Please note: Mephedrone is a relatively new drug. To date, there is limited evidence of how widely it is used in Australia. Due to the lack of formal research about its use and effects, much of the information used in this fact sheet has been taken from people who have used the drug, rather than from scientific sources. (This page will be updated once more information is known.)
Mephedrone (4-methylmethcathinone) is a stimulant drug, which means it speeds up the messages travelling between the brain and body.1 Mephedrone is classed among New Psychoactive Substances (NPS), a range of drugs that have been designed to produce effects similar to those of established illicit drugs.
Mephedrone comes in different forms, including:
Meph, meow, meow-meow, m-cat, plant food, drone, bubbles, kitty cat.1
How is mephedrone used?
Mephedrone powder is usually sniffed/snorted or swallowed.2
Swallowing is the most common way of taking the drug. It is usually mixed with liquid to drink or wrapped in a cigarette paper (known as 'bombing').2
There are also reports of people injecting the drug.3
There is no safe level of drug use. Use of any drug always carries some risk. It's important to be careful when taking any type of drug.6
Mephedrone affects everyone differently, based on:
Injecting mephedrone can cause soft tissue and vascular damage.4
Sharing needles may also transmit:
If a large amount of mephedrone is consumed, it could cause an overdose. If any of the following effects are experienced, an ambulance should be called immediately by dialling triple zero (000).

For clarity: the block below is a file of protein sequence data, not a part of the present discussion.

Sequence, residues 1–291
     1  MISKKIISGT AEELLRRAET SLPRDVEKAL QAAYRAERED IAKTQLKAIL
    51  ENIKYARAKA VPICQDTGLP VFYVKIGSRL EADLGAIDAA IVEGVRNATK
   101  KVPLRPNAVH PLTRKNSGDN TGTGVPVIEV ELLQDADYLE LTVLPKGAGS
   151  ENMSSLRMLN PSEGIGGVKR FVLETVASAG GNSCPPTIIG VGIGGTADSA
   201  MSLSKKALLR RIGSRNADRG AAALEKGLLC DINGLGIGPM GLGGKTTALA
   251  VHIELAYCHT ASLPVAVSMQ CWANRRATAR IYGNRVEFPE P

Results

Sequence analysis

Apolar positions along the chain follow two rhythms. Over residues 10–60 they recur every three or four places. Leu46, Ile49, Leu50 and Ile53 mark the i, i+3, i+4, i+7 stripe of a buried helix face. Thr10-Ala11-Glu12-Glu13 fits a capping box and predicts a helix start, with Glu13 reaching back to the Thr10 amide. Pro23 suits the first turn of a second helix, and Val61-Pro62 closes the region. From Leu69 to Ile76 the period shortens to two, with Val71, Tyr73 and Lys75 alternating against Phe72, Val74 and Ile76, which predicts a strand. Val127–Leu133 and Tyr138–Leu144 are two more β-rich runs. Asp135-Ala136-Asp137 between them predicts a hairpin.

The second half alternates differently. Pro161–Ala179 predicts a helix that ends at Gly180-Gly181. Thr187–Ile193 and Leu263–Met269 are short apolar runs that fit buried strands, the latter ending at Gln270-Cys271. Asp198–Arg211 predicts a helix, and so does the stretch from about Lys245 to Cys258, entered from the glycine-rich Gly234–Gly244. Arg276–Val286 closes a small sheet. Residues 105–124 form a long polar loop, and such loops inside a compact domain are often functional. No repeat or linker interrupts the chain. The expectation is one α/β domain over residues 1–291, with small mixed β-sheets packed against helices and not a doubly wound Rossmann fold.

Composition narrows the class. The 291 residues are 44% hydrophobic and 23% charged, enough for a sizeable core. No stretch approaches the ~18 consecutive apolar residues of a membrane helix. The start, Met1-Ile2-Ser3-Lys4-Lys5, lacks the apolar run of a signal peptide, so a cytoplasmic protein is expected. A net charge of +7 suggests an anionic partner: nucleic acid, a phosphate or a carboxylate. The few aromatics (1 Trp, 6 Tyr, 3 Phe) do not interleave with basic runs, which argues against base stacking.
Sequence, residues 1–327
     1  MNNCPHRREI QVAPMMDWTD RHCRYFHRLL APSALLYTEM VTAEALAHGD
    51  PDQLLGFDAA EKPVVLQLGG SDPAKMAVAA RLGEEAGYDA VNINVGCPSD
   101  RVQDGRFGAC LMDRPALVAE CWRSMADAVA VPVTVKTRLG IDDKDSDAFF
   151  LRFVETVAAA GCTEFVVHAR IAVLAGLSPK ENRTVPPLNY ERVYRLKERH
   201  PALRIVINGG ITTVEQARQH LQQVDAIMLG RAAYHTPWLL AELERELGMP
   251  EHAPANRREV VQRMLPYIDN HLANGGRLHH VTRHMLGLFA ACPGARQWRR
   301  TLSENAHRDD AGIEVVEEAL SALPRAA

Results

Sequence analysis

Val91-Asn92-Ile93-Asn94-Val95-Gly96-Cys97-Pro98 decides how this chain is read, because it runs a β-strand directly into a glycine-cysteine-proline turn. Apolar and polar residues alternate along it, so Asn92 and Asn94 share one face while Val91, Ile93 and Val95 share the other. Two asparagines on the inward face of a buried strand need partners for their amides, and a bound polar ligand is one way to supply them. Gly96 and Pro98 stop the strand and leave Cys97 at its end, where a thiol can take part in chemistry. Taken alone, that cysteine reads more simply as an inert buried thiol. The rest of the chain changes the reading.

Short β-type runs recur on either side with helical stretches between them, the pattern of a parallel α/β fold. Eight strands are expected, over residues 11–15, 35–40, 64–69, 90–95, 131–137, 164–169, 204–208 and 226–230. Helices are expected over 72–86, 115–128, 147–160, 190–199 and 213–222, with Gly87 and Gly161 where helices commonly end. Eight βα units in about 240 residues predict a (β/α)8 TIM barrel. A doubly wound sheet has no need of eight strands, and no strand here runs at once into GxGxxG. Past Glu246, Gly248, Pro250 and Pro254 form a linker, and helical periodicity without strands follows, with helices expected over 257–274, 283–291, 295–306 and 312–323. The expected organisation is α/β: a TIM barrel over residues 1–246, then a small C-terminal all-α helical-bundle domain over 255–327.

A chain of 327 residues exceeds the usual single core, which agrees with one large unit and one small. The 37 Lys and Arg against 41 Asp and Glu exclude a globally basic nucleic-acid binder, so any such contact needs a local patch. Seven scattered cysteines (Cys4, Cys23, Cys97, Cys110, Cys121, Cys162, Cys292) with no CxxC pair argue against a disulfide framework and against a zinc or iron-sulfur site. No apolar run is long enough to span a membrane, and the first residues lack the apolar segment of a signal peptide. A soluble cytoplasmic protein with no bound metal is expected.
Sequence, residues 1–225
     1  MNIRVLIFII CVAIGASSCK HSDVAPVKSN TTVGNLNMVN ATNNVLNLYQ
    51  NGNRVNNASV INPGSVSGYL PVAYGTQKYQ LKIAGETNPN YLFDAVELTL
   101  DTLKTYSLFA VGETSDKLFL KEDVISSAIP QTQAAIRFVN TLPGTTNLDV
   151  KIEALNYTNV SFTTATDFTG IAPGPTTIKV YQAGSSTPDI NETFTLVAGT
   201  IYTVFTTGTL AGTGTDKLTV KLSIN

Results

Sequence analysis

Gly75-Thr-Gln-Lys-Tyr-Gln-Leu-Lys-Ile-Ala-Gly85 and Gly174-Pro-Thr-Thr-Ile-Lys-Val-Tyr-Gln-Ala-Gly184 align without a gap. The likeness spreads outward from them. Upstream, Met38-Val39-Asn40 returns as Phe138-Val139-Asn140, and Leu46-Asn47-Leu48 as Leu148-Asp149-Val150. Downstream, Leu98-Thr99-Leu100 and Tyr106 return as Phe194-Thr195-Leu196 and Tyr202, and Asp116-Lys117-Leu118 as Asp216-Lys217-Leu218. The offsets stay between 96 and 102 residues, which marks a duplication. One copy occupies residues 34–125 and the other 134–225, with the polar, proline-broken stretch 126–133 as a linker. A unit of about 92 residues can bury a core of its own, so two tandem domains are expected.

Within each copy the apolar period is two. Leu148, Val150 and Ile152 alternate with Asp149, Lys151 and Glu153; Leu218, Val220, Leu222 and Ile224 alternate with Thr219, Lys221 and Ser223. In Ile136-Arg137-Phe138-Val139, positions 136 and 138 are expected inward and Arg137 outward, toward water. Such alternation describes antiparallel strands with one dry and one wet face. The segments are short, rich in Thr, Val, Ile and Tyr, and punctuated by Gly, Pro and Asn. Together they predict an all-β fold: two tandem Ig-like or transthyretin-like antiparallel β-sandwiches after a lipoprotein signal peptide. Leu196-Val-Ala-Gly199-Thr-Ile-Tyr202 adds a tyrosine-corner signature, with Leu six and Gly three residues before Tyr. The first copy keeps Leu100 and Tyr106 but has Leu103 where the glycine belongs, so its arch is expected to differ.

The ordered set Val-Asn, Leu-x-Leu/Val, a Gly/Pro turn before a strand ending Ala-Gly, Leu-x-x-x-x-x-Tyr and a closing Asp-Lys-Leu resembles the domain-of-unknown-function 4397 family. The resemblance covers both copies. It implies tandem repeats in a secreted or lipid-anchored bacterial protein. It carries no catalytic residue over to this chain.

In the days after mephedrone use, the following may be experienced:
Regular use of mephedrone may eventually cause:
Using mephedrone with other drugs
The effects of taking mephedrone with other drugs – including over-the-counter or prescribed medications – can be unpredictable and dangerous. The following combinations could have the following effects:
Giving up mephedrone after using it for a long time can be challenging because the body has to get used to functioning normally without it.
Reported symptoms include:
Reducing the risks
ADF SEARCH – Find further credible research and information on mephedrone.
1. DrugScope. (2016). Mephedrone, methedrone, methadrone and methylone.
2. DrugScope. (2013). Mephedrone fact sheet.
3. Injecting Advice. (2012). IV use of mephedrone.
4. Youth RISE. (n.d.). Mephedrone.
5. Maskell, P., De Paoli, G. Seneviratne, C. & Punder, D. (2011). Mephedrone (4-methylmethcathinone)-related deaths. Journal of Analytical Toxicology,35(3),188–9. Retrieved from Pub Med
6. DrugScience. (2012). Mephedrone.
7. Winstock, A. & Marsden, J. (2010). Mephedrone: assessment of health risks and harms. Prepared for European Monitoring centre for Drugs and Drug Addiction.
Last updated: 19 May 2016